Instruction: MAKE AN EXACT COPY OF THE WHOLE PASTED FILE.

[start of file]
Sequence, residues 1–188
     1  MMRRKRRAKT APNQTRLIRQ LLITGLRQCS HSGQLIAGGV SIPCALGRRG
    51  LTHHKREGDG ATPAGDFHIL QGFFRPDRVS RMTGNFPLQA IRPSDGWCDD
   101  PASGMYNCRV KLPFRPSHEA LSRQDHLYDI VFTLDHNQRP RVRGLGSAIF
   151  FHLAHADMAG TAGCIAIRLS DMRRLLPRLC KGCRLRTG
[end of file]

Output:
Sequence, residues 1–188
     1  MMRRKRRAKT APNQTRLIRQ LLITGLRQCS HSGQLIAGGV SIPCALGRRG
    51  LTHHKREGDG ATPAGDFHIL QGFFRPDRVS RMTGNFPLQA IRPSDGWCDD
   101  PASGMYNCRV KLPFRPSHEA LSRQDHLYDI VFTLDHNQRP RVRGLGSAIF
   151  FHLAHADMAG TAGCIAIRLS DMRRLLPRLC KGCRLRTG